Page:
Applying the Noriega and Carson standards, it is a close question whether BNAASS, despite its government investment, would qualify as a government instrumentality. First, BNAASS was not established by the state and, indeed, two other key investors are foreign parties. Second, BNAASS was not established to provide services to Chinese citizens or perform any official functions. Third, BNAASS enjoys no special treatment nor does it have any exclusive or controlling power to administer its designated functions. Baosteel (as the sole shareholder of Baoshan Iron) is entitled to appoint certain directors but only in accordance with its investment share. Taking into account all the considerations in Noriega and Carson, it seems that BNAASS operates like any other private enterprise with the only difference being that an SOE is the largest shareholder in the company and receives proceeds from it. In this circumstance, there is at least a reasonable argument that, under Noriega and Carson, BNAASS should not be deemed a government instrumentality under the FCPA. In this sense, BNAASS is typical of many entities in which the state is only a partial or minority owner—entities which to date the SEC and DOJ have sought to treat as government instrumentalities for the purposes of the FCPA.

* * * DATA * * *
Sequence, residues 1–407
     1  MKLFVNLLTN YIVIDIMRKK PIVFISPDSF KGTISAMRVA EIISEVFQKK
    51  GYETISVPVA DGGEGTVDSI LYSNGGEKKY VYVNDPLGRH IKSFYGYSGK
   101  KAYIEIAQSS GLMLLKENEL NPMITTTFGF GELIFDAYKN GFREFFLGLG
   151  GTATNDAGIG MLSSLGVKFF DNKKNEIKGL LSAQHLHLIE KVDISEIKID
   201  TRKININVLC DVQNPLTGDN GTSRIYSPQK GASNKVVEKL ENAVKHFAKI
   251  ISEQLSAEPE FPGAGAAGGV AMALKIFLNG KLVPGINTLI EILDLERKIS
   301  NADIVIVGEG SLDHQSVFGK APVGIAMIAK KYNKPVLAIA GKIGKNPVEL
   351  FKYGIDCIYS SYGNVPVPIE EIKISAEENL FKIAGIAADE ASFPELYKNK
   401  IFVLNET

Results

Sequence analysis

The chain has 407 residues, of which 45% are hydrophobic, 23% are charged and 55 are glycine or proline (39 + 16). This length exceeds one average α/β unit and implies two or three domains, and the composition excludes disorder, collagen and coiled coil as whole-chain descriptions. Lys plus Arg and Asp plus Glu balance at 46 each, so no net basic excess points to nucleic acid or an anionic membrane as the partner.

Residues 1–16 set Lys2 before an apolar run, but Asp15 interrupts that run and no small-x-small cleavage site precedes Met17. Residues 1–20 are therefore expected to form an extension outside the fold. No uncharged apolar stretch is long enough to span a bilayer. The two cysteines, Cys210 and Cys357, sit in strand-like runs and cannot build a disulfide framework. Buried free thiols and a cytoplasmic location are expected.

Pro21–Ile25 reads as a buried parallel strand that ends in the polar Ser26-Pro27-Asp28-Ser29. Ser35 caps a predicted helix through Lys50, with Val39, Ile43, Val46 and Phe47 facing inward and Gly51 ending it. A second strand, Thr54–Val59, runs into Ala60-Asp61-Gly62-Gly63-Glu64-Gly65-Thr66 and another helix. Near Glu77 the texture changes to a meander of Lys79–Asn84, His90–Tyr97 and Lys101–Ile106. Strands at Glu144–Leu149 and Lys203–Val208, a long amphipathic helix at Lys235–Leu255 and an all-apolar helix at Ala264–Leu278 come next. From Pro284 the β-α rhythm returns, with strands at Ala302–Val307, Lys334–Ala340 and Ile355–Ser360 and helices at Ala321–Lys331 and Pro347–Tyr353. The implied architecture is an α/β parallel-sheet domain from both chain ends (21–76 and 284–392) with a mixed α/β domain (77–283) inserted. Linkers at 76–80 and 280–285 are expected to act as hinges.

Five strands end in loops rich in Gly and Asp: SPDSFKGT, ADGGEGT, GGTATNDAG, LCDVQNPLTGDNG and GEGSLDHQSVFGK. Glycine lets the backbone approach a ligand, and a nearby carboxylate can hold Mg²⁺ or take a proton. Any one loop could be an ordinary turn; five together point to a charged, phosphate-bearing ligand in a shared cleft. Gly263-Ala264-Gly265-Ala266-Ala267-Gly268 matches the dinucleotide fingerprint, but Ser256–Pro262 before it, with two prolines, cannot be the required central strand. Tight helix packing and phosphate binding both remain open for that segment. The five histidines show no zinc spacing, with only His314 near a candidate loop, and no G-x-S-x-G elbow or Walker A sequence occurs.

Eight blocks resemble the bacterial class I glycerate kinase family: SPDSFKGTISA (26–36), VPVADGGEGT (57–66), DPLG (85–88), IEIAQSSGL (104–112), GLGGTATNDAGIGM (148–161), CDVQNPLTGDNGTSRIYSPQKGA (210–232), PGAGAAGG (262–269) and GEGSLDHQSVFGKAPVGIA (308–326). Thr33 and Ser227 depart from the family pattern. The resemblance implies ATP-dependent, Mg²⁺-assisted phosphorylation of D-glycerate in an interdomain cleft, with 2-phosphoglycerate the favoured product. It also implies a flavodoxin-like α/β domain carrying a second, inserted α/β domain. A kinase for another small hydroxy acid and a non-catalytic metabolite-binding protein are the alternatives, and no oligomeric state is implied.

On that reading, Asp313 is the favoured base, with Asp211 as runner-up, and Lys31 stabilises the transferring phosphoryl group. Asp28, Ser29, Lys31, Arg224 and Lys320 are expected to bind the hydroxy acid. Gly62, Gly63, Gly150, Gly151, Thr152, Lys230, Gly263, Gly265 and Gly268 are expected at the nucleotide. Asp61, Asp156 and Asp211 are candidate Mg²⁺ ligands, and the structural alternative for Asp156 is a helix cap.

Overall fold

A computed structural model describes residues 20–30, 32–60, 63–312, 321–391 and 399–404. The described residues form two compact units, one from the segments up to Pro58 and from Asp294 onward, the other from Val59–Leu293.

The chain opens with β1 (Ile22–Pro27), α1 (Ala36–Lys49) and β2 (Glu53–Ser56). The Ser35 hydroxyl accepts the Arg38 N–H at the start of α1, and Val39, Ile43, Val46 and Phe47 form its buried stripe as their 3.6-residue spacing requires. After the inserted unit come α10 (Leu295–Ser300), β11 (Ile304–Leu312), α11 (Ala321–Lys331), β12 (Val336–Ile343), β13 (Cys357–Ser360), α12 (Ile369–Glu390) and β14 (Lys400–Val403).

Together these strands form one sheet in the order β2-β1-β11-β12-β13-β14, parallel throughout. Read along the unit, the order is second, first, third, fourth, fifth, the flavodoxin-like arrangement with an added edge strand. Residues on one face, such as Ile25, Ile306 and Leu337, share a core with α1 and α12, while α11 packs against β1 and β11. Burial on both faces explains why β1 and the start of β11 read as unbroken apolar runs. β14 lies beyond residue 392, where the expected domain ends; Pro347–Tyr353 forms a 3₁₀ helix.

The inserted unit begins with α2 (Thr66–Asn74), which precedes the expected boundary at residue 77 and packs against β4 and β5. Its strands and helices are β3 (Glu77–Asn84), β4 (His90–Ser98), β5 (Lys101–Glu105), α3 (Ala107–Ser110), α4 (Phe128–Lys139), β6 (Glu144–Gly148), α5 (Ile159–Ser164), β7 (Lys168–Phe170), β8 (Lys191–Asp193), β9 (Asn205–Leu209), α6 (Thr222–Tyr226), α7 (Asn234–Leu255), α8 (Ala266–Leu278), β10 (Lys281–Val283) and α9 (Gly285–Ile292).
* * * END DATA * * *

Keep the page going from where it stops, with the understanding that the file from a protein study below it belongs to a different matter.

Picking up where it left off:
5. Public Institutions: Hospitals
Public institutions in China are organizations established by the government in the cultural, educational, sporting, and medical care sectors for the purposes of providing social services and welfare to citizens. These institutions usually include media, publishing houses, public schools, and hospitals.
It may not be immediately evident to American businesses that such public institutions are considered state instrumentalities. Take hospitals, for instance. The vast majority of hospitals in China are publicly funded. Although the day-to-day practice of medicine may not involve much government control, these publicly funded hospitals and all the health care professionals they employ can create a huge FCPA risk for American companies that are not properly educated on the role of hospitals in China.